Say no to victim blaming and discrimination against domestic violence victims.

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Yesterday, I as A mother of 3 was victim blamed for being attacked in the past. Upon an initial meeting with FACS NSW when applying for care for my Great nephew I was told " they were concerned about me and they are only worried that I need time to heal...how lovely i thought. I was wrong. What a slap in the face. A comment made on the facs facebook page after I received a letter declining my application because of being a " victim" ( in their words as well) by a "fake profile" stating that I was inadequate to care or protect for my children because I was a dv victim. Yes. I was unable to care for my nephew or children full stop because something happened to me that I could not help. This why by a Government agency that is “ supposed to help you”. I just felt more crap about how my life panned out than what I already did. Did it help me? Hell no, because it was in the past. I fought it and broke free. With no help but my own. I just got told that because someone else chose to attack me, that I was a bad person. Wow!!!! How dare you victim blame. Victims suffer enough and it is not okay to ever place blame on a victim. It is not ever okay to punish a vicim for someone else’s wrong doings. How dare you!!!!! You slandered my parenting capabilities which had nothing to do with it. My children have everything. Private housing across from a beach, private schooling, after school activities, an endless supply of clothing and love. Have no worry that my children are very well cared for and protected. I have no criminal history, not even a speeding fine, I have worked with children, in hospitals etc. I am very skilled. It's amazing that it was posted in the news today that Grandparents won custody of their children against facs because facs deemed the children to be more suitable with their Father who had a criminal history and mental illness then them. So Apparently I am less qualified as a victim to something I had no wrong doing in than someone WITH A CRIMINAL history. 

Victim-blaming comes in many forms, and is oftentimes more subtle, and unconscious than Metzger’s tirade.
ny time someone defaults to questioning what a victim could have done differently to prevent a crime, he or she is participating, to some degree, in the culture of victim-blaming.
While victim-blaming isn’t entirely universal (some individuals’ experiences, background, and culture make them significantly less likely to victim-blame), in some ways, it is a natural psychological reaction to crime. Not everyone who engages in victim-blaming explicitly accuses someone of failing to prevent what happened to them. In fact, in its more understated forms, people may not always realize they’re doing it. Something as simple as hearing about a crime and thinking you would have been more careful had you been in the victim’s shoes is a mild form of victim-blaming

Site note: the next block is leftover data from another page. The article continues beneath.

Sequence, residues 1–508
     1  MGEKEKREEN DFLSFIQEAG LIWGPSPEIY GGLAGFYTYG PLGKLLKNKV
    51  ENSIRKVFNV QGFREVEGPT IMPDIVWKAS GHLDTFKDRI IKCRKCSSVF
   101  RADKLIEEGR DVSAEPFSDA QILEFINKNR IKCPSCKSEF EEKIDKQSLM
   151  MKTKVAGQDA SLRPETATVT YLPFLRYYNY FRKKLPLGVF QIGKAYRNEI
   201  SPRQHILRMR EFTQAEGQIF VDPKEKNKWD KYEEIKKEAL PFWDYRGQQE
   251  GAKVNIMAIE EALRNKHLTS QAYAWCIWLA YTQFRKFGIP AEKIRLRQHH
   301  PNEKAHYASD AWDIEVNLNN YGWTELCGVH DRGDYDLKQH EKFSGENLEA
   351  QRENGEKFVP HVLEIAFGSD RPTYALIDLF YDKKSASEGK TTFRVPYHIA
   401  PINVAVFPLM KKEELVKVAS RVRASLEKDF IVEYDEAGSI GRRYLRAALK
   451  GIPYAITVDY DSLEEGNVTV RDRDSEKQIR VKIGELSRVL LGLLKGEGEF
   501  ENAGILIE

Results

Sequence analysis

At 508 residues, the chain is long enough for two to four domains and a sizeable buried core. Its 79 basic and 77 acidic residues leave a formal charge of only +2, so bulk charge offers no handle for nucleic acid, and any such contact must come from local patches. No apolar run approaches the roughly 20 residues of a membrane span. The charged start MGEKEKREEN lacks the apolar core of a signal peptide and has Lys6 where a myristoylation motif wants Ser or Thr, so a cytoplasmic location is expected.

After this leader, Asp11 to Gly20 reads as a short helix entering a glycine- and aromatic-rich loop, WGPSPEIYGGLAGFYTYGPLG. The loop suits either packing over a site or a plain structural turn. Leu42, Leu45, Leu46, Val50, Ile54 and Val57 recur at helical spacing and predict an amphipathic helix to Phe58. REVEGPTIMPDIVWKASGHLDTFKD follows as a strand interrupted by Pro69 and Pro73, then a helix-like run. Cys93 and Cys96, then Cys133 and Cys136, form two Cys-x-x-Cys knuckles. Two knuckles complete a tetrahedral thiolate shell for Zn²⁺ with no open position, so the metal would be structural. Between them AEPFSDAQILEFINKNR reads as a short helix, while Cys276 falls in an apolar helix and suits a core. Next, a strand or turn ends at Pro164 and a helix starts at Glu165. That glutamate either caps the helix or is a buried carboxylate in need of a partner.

Elizabeth Broderick, Sex Discrimination Commissioner, Australian Human Rights Commission says that Having domestic/family violence as a new protected attribute in anti- discrimination legislation can provide another avenue of protection for victims and survivors who experience discrimination, as well as lead to improved measures for addressing domestic/family violence.

 That’s right, the Australian Human rights commission is strongly aware and against discriminating against domestic violence victims. 

Under international human rights law, it is well established that domestic and family violence is a violation of human rights

 

The United Nations Convention on the Elimination of All Forms of Discrimination against Women requires governments to take appropriate measures to eliminate discrimination against women

 Discrimination is one such challenge. When experienced, discrimination can compound the harm of the original acts of violence.

There is a sound case for introducing domestic or family violence as a protected attribute within existing anti-discrimination legislation at the federal, state and territory level. Such a protected attribute would recognise that those who are or have experienced domestic and family violence should not be subjected to discrimination as a result of that experience. Introducing domestic and family violence as a protected attribute would offer protection from discrimination not currently available under the SDA.

 

Including domestic and family violence as a protected attribute under anti-

discrimination legislation is likely to:

-increase understanding of the individual and systemic implications of this issue in education, housing, employment and other areas

-facilitate the adoption of measures to eliminate existing, and prevent future, acts of discrimination (eg. where women disclose experiences of domestic or family violence and are dismissed as an ‘unreliable’ staff member)

- facilitate the adoption of policies and procedures to support victims and survivors of domestic and family violence in a range of settings

- assist changes to workplace culture and other environments so they become more supportive of victims and survivors, and

- foster an environment in which victims and survivors can feel free to disclose their violent situations and the impacts with a view to developing effective means of resolution and redress.

 

Say NO to victim blaming and categorise this as discrimination as it should be. I am a loving and caring Mother, well respected in my area. I have volunteered, helped teenage school girls and woman who have got out of Gaol previously, donate to fundraisers constantly. I am a good person and have done nothing wrong. Do not punish me for the wrong doing of someone else and something that I am free from now. 



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